Saturday, June 21, 2008

Of Soap and Scandal

I may have told you this before, but housekeeping was not my mother's idea of a good time. She was very careful about germs and keeping things disinfected, and gave me some of my most prominent phobias about such things, but straightforward straightening up was not something that held her interest for long.

When it was announced that company was due, the clutter on the floor and stacked in corners didn't cause her any great consternation. If I expect sudden company, I am likely to rush through the house, picking up stray toys and clothes and hiding dirty dishes in the oven or dishwasher, making the surfaces appear uncluttered and giving the impression that our "stuff" is neatly stuffed away somewhere. My last thought would be to wash the windows or the paint.

But when faced with imminent social obligation, my mother instinctively cried out for just one cleaning product, just one magic formula that would render her home suitable for guests. I will remember the scent of it my entire life. I knew automatically that I would be sent to the apothecary to fetch home a bottle. This master of all cleansers was Tincture of Green Soap.

Tincture of Green Soap was added to buckets of warm water and rags dipped into it were used to wash down the wood-paneled walls and stairways. It cleared the dust, cleaned the wood and left a fresh scent throughout.

It occurred to me only yesterday that I had no idea what Tincture of Green Soap is or why it should be available at the apothecary only. So I had a quick google on it and discovered that it's a soap meant for human skin and has nothing to do with cleaning walls.

Interestingly, I found this quote about the properties of Tincture of Green Soap. One site selling it touted it as being "effective for removal of dried blood and proteins from skin and scalp".

Okay, we weren't the most well-behaved children and it's possible we put grimy hands on the walls or occasionally used a crayon to scribble out some insult or threat against a sibling, but come on... dried blood?

It's at times like these that I miss my mother, because I realize now how many questions I have that will always be left unanswered. I am sure there is some reason she used Tincture of Green Soap on the woodwork. Maybe someone told her that it was effective at removing grease or that it was kind to wood. But I still would like to ask her, with just a hint of a wink, what crime scene she was attempting to cover up?

Tuesday, June 10, 2008

Of New and Old

I am very proud of my new car, although it is new only to me, having been what is now termed "pre-owned". Car dealers believe that the word "used" carries negative connotations as does the term "used car salesman" so they tend to have only "program vehicles" (used rental cars) and "quality pre-owned vehicles" (used cars) on their lots.

The car is a little hungrier for gas than my last vehicle and quite a lot larger than any other car I have owned - which means my days of zipping into tight parking spaces is over. However, it was time to accept the fact that I had two children in the back seat who, for the sake of undistracted driving, should sit as far away from each other as possible.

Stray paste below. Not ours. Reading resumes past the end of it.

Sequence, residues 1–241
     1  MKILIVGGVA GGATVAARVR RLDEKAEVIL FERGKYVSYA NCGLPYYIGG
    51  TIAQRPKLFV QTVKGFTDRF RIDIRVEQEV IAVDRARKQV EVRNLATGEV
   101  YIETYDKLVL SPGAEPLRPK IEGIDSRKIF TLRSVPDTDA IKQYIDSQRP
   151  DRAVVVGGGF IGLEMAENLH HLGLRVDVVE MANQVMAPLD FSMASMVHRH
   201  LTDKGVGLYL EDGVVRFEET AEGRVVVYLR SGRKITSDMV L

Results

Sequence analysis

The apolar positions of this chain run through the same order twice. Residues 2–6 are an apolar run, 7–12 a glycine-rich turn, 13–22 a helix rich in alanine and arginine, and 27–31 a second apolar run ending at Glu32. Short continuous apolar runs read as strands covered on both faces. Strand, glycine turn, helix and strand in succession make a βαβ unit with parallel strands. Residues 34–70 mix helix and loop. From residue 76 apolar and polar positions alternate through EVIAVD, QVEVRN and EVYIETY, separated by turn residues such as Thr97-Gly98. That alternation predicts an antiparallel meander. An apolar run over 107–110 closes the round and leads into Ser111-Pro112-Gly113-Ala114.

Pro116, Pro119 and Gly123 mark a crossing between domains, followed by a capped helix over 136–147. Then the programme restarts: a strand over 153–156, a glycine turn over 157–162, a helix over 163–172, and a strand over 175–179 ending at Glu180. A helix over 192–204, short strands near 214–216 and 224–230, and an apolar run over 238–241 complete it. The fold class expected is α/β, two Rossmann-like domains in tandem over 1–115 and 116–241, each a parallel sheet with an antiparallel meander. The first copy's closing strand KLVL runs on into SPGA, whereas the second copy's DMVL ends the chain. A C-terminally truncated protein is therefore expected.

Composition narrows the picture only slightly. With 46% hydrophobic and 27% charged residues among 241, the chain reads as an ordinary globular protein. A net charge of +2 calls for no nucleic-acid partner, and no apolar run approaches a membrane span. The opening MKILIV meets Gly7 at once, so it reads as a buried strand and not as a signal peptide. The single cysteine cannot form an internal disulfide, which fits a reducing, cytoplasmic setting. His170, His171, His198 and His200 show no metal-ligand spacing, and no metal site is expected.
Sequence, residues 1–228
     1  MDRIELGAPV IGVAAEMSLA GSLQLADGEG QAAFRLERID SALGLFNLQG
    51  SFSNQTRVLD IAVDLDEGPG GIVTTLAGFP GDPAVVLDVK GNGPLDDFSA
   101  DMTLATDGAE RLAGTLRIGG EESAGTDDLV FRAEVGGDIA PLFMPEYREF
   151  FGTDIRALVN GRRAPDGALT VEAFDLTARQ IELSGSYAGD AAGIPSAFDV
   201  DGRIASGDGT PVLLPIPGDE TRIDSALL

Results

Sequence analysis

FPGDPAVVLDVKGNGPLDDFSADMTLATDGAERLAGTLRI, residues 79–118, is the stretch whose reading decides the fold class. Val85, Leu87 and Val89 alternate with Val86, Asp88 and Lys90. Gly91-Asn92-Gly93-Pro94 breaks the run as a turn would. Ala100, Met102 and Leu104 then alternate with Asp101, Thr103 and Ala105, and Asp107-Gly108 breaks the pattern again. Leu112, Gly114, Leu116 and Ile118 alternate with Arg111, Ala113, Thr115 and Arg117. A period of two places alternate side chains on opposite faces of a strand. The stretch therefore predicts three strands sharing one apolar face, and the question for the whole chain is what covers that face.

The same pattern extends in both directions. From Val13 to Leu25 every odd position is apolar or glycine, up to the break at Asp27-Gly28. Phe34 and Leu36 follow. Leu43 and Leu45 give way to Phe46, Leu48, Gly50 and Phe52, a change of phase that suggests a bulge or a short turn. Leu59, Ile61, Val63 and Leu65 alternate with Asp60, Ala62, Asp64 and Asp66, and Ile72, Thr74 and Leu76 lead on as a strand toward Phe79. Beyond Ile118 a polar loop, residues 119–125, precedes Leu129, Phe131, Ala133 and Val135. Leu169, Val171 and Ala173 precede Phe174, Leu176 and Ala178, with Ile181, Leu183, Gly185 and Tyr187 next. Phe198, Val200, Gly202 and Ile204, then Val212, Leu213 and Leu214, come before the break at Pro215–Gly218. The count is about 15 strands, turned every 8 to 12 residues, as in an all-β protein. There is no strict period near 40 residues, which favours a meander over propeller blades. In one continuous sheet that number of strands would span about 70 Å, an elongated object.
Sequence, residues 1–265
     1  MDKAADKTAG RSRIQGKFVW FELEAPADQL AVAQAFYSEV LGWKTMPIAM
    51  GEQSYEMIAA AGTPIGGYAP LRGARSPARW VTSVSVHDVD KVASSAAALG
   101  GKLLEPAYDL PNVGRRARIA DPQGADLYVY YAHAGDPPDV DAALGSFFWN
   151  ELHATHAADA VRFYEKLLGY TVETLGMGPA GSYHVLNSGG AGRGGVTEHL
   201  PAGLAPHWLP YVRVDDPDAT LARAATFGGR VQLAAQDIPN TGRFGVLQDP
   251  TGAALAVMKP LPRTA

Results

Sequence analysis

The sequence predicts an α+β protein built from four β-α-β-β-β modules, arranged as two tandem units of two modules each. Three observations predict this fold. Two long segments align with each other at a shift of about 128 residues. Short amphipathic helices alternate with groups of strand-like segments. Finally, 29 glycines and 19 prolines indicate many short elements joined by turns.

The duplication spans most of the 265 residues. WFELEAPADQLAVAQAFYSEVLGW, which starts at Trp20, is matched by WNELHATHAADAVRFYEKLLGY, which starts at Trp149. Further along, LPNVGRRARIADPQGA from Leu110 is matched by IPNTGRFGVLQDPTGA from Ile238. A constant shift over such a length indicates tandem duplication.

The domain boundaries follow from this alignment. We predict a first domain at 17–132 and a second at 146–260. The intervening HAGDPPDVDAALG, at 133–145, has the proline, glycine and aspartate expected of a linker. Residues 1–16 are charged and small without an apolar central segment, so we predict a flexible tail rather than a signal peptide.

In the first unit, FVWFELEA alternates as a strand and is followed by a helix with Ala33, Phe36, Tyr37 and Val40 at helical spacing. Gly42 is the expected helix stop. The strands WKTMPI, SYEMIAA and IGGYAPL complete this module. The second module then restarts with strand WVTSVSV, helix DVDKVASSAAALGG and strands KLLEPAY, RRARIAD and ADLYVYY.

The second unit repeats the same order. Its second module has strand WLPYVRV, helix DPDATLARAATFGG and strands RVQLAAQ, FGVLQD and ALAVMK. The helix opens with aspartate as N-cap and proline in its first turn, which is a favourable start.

I would be inclined, however, to believe anyone who told me that my car was driven only on Sundays by a little old lady who used it to go to church.

You see, yesterday was the first day it was hot enough to turn on the air conditioning in the car. Until now, we have used the heat, the defroster, and played endlessly with the electric windows until the perfect air flow and temperature were achieved in the car's interior.

We pushed the little button with frosty snowflake on it, eagerlyawaiting the first blast of cool air. Next we chose the button that limits air circulation to inside the vehicle, excluding the stiff, hot air from outside. With the fan setting at medium, a wonderful thing then occurred.

Emanating from the vents in the dash was air that was not only cooled and conditioned, but air which filled the vehicle with something that the car had lacked up until that moment.

This is why I believe the former owner must have been a little old lady who rarely drove it. Little old ladies are rarely too warm, and so the AC was likely rarely, if ever, employed.

Hidden deep within my car's ventilation system were the last remaining whiffs new car scent. As it wafted past my nostrils, I inhaled hard and long, sucking in its delicious fragrance. I realized also, that for my generation, that new car smell symbolizes so much more than the age of the vehicle. It brings up memories of prosperous family times, sibling squabbles, the excitement of accompanying dad to the dealership to pick out the new family car and stirs up nostalgia in an unsettling blend of warmth and sadness.

It also reminded me, as I endured the kids in the back seat having ridiculous arguments, giggling for no reason or making noise for the sheer pleasure of making noise, that I was once sitting exactly where they were. And in the natural course of time, they will one day be sitting where I am now. Then it will be that these days which now seem so ordinary and unremarkable will have become part of them, sealed into memory, only to be suddenly awakened by a chance sensory experience.